My middle child has got into song writing this year (and I love it – and her). One masterpiece from her was a song about a potato. The potato became friends with a carrot and a tomato and the song explains how the potato tries to roll off the table to avoid being eaten. I like this song. However, if all I told you was that the song was called Vegetable Party you wouldn’t understand that the song was about saving the potato. You need the lyrics to really understand the broader message (for Vegetable Party it is that my daughter really loves potatoes). The same goes for the Hall of Fame song, the soundtrack to the Grade 6 graduation video montage. The add on top of that the images of our kids while listening to the song’s lyrics (which remind me slightly of Dr Seuss) and you could not help but cry.   

You can be the best. You can move a mountain. Dedicate yourself and you can find yourself. Do it for your people. Do it for your pride. How you ever gonna know if you never even try? Be believers. Be leaders. Be astronauts. Be champions. Be truth seekers.

Because this newsletter is more about words than images, (I did think about filming myself doing interpretive dance for you but then decided that wiuld be slighty creepy), I decided that, in order to really pull at your heart strings, I needed to include some of the lyrics from the songs I have chosen, along with my interpretations of those lyrics, to ensure that you comprehend what it is that I am trying to convey. And, because, I want to make you cry. Actually I don’t really, I just want to encourage a moment or two of reflection. Here goes. (Note that food waste, composting and eco-friendly wines have not been included here. I tried hard but could not find any appropriate songs to match these issues,)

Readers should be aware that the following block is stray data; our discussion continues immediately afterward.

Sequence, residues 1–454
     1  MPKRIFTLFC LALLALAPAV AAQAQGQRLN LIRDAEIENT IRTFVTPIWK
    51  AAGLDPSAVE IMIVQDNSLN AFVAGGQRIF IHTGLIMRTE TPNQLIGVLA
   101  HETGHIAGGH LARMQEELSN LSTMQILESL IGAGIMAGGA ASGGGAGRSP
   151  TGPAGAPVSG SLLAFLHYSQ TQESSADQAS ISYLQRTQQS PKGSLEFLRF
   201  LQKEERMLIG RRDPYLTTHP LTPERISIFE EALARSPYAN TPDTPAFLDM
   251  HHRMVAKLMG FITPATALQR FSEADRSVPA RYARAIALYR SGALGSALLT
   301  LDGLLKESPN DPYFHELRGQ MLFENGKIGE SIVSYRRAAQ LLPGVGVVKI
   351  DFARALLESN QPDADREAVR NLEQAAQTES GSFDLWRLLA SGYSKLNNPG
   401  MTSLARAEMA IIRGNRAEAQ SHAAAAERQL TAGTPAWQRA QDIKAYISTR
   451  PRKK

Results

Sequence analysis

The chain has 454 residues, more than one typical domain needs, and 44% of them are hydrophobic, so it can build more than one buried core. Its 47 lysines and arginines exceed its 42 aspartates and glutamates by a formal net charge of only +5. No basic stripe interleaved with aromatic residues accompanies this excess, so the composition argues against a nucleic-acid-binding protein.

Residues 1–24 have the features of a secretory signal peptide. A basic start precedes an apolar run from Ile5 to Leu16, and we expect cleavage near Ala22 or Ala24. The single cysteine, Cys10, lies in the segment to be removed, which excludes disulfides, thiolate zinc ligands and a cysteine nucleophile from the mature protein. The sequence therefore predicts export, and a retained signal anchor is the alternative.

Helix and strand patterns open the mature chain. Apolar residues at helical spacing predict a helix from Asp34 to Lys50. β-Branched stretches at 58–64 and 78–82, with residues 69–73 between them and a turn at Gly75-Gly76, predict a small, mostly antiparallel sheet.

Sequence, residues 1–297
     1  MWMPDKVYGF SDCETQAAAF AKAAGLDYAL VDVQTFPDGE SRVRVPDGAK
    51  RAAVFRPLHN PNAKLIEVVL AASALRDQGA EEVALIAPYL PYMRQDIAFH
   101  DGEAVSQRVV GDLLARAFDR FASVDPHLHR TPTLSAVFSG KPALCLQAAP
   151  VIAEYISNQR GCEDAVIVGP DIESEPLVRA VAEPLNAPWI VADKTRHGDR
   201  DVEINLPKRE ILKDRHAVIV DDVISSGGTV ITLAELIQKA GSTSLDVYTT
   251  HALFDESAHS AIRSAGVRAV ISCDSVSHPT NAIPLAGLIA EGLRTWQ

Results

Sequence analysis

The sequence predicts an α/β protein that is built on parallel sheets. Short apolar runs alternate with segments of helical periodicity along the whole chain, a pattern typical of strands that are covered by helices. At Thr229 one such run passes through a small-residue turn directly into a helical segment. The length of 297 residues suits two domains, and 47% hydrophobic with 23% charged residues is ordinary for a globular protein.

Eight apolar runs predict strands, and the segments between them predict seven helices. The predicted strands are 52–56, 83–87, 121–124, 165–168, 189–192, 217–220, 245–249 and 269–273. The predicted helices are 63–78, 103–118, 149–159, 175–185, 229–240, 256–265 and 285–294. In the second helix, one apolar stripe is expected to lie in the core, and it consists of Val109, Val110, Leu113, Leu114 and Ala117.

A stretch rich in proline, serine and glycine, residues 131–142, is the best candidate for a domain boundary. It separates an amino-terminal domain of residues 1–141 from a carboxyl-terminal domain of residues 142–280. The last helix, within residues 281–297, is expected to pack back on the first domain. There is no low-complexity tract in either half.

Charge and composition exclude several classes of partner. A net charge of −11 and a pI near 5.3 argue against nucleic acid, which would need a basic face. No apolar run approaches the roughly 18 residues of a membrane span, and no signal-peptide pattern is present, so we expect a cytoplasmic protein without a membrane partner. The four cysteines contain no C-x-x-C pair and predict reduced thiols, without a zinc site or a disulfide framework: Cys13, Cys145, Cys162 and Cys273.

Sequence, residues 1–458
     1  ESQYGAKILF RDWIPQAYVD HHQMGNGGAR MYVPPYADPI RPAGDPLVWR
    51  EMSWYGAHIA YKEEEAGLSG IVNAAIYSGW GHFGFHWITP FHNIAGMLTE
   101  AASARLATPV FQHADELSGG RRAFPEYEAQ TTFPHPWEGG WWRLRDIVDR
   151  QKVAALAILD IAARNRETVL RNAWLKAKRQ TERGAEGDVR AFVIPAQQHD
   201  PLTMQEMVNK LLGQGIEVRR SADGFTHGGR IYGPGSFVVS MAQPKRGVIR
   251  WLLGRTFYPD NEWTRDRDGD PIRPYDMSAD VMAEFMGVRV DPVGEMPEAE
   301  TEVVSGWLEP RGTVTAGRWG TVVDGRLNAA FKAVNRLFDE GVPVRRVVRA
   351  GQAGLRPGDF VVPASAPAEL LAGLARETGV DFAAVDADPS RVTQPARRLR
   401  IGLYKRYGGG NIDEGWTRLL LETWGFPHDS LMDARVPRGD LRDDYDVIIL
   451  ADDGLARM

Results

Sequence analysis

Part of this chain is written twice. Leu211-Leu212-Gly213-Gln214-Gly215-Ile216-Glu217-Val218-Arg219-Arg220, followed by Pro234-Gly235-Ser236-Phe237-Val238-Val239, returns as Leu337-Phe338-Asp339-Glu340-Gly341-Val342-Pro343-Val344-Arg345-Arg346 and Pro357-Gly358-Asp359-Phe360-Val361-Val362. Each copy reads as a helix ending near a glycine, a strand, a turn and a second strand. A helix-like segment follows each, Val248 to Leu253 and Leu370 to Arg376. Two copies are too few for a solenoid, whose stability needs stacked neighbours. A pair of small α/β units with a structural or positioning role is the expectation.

Newsletter topics: recycling, making people recycle and National Recycling Week

Song 1: Regurgitator, I like your old stuff better than your new stuff 

  • Please become what you were before (recycle people, recycle)

  • I like your old stuff better than your new stuff (don’t buy)

  • My whole world’s cheap and phony (new, cheap, stuff generally is)

  • Dear hearts get lost and lonely (purchasing won’t help improve your mood)

Song 2: Peking Duk, Fake Magic 

  • I see you, you got all this stuff (we’re all too focused on consumption)

  • I feel you cause it never looks like enough (at some point it has to be?)

  • So give me it, I’ll throw it away (but I will first or consider re-using, repairing or recycling)

Newsletter topics: single use plastic, plogging, a dead whale, the Great Pacific Garbage Patch and a guilt trip

Song: Whitney Houston, I will always love you 

  • If I should stay, I would only be in your way (This is the plastic telling us that it doesn’t want to leave but it knows that its time is almost up)